"There isn't room for the slightest mistake-- and yet we can't avoid making them." I think "them" should be it, or "mistake" should be "mistakes" for the sake of noun and pronoun agreement. Or is "them" acceptable in this sentence? AppleRead More...
Ah,,,,OK. I got it now. Thank you, GUSTAVO.Read More...
Last Reply By apple · First Unread Post

defeated&defeatist

Do not Let yourself look so sad and....... Life is a mixture of gains and loses. (defeatist _defeated_defeating_defeat)Read More...
Welcome to the Grammar Exchange, Wael Shaltoot. Please note that the correct spelling is "gains and lo ss es." I'm curious. What did that author say that made you doubt?Read More...
Last Reply By Gustavo, Contributor · First Unread Post

That is the (a) woman we saw at the station three days ago.

Hello, Is there a difference between using "a" and "the " in the following sentences? 1.This is a (the) picture that made us smile. 2.That is the (a) woman we saw at the station three days ago. In sentence 2, "the" sounds more natural to me. I'm not sure about sentence 1. AppleRead More...
Thank you, GUSTAVO. So when "a" is used that picture is just one of several or many. When "the" is used, it implies, that this is the (very) picture(I was talking about) that made us smile. AppleRead More...
Last Reply By apple · First Unread Post

adjectival or adverbial? No.3

The dog, frightened by the thunder , trembled. What type of participle is the above sentence? To me, it's adjectival, deriving from: - The dog, who was frightened by the thunder, trembled However, the link below says it's adverbial: http://grammarpuss13.blogspot.com/p/adverbial-clauses.html?m=1 Thanks.Read More...
Perfect! Can you introduce a comprehensive grammar book which explains these nuanced points?Read More...
Last Reply By Freeguy · First Unread Post

Look (at) what you've done!

Hi! Could I ask you this question? Practical English Usage (fourth ediction) says that the preposition "at" following the verb "look" is often dropped before a wh -clause. (1) Look (at) what you've done! I was wondering whether there is any semantic difference when the preposition is present/absent. I was also wondering whether the preposition can appear after "look" in the following sentences (taken from Practical English Usage ): (2) Look who's here! (3) Look where you're going. I would...Read More...
Thank you so much, Gustavo! I really appreciate your comments.Read More...
Last Reply By yasukotta · First Unread Post

all havoc breaks loose

Hi, What does "all havoc breaks loose" mean? Thanks a lot.Read More...
Hi, Kuen: I think you mean to ask about "all hell breaks loose." It should be "hell," not "havoc." If you Google "all hell breaks loose," you'll find definitions. The basic meaning is this: when all hell breaks loose, all sorts of things go wrong; many problems need to be solved. Think of a volcano erupting—a volcano of problems.Read More...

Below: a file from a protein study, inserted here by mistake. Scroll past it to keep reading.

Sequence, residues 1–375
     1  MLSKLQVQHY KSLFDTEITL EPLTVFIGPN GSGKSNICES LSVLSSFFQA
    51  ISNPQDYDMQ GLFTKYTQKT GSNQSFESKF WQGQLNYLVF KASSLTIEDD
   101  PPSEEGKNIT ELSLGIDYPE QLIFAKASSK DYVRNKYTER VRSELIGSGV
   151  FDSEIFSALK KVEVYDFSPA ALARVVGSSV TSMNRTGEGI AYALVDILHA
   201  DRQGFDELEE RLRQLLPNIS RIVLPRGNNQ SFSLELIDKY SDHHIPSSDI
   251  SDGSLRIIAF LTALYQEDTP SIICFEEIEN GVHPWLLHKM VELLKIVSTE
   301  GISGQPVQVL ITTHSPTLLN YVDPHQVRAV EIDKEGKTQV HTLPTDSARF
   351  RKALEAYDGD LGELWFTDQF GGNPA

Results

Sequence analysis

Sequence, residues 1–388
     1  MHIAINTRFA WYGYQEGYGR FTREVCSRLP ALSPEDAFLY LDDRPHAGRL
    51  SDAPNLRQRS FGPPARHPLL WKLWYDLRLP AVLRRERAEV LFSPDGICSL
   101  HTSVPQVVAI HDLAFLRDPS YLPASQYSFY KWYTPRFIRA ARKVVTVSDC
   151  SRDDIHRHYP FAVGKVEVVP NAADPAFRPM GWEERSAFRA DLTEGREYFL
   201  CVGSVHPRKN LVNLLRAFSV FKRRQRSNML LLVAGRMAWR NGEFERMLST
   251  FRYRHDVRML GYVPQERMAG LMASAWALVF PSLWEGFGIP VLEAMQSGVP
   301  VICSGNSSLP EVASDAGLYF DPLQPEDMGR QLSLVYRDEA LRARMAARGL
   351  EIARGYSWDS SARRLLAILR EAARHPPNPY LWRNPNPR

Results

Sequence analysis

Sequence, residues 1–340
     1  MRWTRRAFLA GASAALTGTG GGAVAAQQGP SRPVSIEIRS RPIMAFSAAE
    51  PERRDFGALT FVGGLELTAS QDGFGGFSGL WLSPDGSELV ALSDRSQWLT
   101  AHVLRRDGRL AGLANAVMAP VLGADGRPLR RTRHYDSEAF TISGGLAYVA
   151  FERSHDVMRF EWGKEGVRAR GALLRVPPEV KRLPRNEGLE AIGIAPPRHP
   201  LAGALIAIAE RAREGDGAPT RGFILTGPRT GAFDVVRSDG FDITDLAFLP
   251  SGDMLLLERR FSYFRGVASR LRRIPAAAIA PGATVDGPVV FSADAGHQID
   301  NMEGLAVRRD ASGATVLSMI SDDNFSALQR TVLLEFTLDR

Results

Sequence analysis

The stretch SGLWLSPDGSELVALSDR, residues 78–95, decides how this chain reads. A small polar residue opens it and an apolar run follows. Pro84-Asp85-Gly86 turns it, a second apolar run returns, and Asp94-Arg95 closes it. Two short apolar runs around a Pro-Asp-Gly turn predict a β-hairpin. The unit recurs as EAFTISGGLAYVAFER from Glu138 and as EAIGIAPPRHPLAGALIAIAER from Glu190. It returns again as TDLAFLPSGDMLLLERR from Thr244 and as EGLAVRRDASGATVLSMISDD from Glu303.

Last Reply By David, Moderator · First Unread Post

a falling tree, a tree falling

Hello, 1. A falling tree made a sound like a thunder. 2. A tree falling behind me made a sound like a thunder. 3. A tree falling made a sound like a thunder. I think sentences 1 ,2 are correct, but not 3, because a single participial adjective "falling" has to be placed before the noun. Am I correct? AppleRead More...
Thank you, David, for clarifying that. I was in fact only agreeing with Apple's comments on the correct or incorrect position of the participle depending on whether it is used alone ( falling tree) or with some adjunct (tree falling behind me ).Read More...
Last Reply By Gustavo, Contributor · First Unread Post

infinitive/gerund

1) Why do they complain about cleaning the house taking too long? They have a servant to clean the house! 2) Why do they complain about cleaning the house taking too long? They have a servant for cleaning the house! Can we tell if they have only one servant or more? If they have one servant, is cleaning the house the only thing that servant does? If they have more than one servant, does the same servant clean the house every time? Gratefully, NaviRead More...
Thank you so very much, David, Yes, I agree with you. Having a cook does not mean one also has a chauffeur! But I wasn't even going for that interpretation. I find your analysis of my '1' very astute. But the 'restriction' you discovered in this construct (the sentences marked with *?) is a true gem! I hadn't thought of that at all. It looks like a real discovery to me. I wanted to mention that in my last post in this thread, and I hope this will be my last post in this thread, but I suspect...Read More...
Last Reply By navi · First Unread Post

Future simple or continuous

In 2030, we will treat people with diabetes .. Is "will be treating " incorrect here?why?Read More...
Hi, Ahmed55, I think "will be treating" is much better than "will treat" there, because the treatment involves an ongoing process consistent with the use of the progressive, but some more information would be necessary for the sentence to make sense, for example: - In 2030, we will be treating 100,000,000 people with diabetes. - In 2030, we will be treating people with diabetes by means of this new method .Read More...
Last Reply By Gustavo, Contributor · First Unread Post

which or where

The shop, ..........I visited last week, has good souvenirs. ( which/where) with explanation,please. Thanks in advance.Read More...
Hi, poet 20, (and my greetings from El-Madina El-Monawara), Choose: 'which'. There is an easy way to choose between 'where and which' here. Make a complete sentence without using any relative pronouns. That will be: I visited the shop. You see the object comes directly after 'visit' without using any propositions, which means that 'which' is the right choice. Change your example above to be: The shop..... I work, has good souvenirs. Making a complete sentence would result in: I work in a...Read More...
Last Reply By ahmed_btm · First Unread Post
×
×
×
×